Anonymous More than 1 year ago
As a long-time Apple fan, I've read Isaacson's biography of Steve Jobs and now Insanely Simple. I found Segall's book to be right on the mark and incredibly unique in describing HOW Apple works it's magic. Other Apple books focus on events and personalities. This book boils the phenomenal success down to it's essence -- Simplicity. It may sound easy, but as Segall masterfully describes, only an elite few leaders and companies manage to get it right. Instead, most companies play it safe and succumb to complexity. Insanely Simple is well-written, informative and fun. This is the best book on Apple I've ever read, and "simply" one of the top business books out there.
Anonymous More than 1 year ago
I absolutely loved this book - bought it Thursday morning, finished it Thursday night. The thing is, there are thoughts and examples and ideas here that I suspect I'll use forever. Segall has crafted a brilliant, intimate, first-hand look at Jobs and Apple. This is Think Different, not simply as an advertising slogan, but rather as a fundamental model for business evolution. Segall: 1, Isaacson: 0.
BookladyZN More than 1 year ago
The person who wrote the 1-star review actually posted the exact same words on Amazon, so apparently he/she is someone with an ax to grind. Some simple research will show that Ken Segall IS the man who created the name iMac, he IS part of that select group who penned the Think Different ads. His association with Steve Jobs, Apple and NeXT is not something he made up as an "opportunist" looking to cash in and "make a quick buck". Now that we've established Segall's bona fides, I will join the others in saying that this is a truly good book. It's a marketing book that doesn't lecture, it's a fly-on-the-wall look at interesting times with Jobs, and a satisfying, downright good read. It shouldn't be compared to Isaacson's book because it is not a biography of Steve Jobs - it's a look at how Apple's philosophy and marketing made it so successful and a hope that the reader can parlay some of the ideas into his/her own business success. Kudos to Ken Segall.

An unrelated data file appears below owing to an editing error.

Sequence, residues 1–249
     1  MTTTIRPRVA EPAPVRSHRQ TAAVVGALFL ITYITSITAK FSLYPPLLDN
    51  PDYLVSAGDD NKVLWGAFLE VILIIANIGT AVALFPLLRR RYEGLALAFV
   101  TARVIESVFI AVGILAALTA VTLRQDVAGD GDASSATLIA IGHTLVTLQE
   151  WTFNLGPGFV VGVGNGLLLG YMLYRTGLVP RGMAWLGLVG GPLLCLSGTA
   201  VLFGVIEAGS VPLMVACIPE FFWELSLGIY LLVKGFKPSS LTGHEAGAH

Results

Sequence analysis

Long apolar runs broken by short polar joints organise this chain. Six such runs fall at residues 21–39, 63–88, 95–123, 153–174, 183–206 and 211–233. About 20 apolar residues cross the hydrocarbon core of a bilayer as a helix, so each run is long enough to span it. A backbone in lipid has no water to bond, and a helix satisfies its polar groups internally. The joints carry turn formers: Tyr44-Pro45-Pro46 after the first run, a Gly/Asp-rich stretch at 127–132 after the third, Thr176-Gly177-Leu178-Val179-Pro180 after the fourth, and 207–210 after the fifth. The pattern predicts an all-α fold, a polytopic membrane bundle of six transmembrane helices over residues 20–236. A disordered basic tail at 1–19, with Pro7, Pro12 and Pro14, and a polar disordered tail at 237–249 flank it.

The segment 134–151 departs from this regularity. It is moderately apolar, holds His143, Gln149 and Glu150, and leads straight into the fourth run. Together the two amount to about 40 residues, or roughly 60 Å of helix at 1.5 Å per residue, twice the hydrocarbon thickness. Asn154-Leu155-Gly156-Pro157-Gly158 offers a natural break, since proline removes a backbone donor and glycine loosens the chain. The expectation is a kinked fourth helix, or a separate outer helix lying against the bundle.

Anonymous More than 1 year ago
Loved it. Best Apple book I've read. Insightful and intriguing, all at once.
Anonymous 1 days ago
Not a marketer just a Apple fan and I loved every word of this book. Truly motivational and yet simplistic.
Anonymous More than 1 year ago
Anonymous More than 1 year ago
No one should dispute that ‘simplicity’ is one of Apple’s guiding principles, and Segall is certainly entitled to write a book about Apple or any other subject he pleases. But readers should be aware that the author greatly exaggerates his involvement with the brand and his contribution to its marketing legacy. Frankly, it’s been sad to watch opportunists come out of the woodworks following Jobs’ passing. They shamelessly inflate whatever limited association they had with Apple and attach themselves to the brand in order to make a quick buck and shine their own star. Maybe it’s just me, but it would be interesting to hear from the people who were actually behind Apple’s decades-long marketing streak.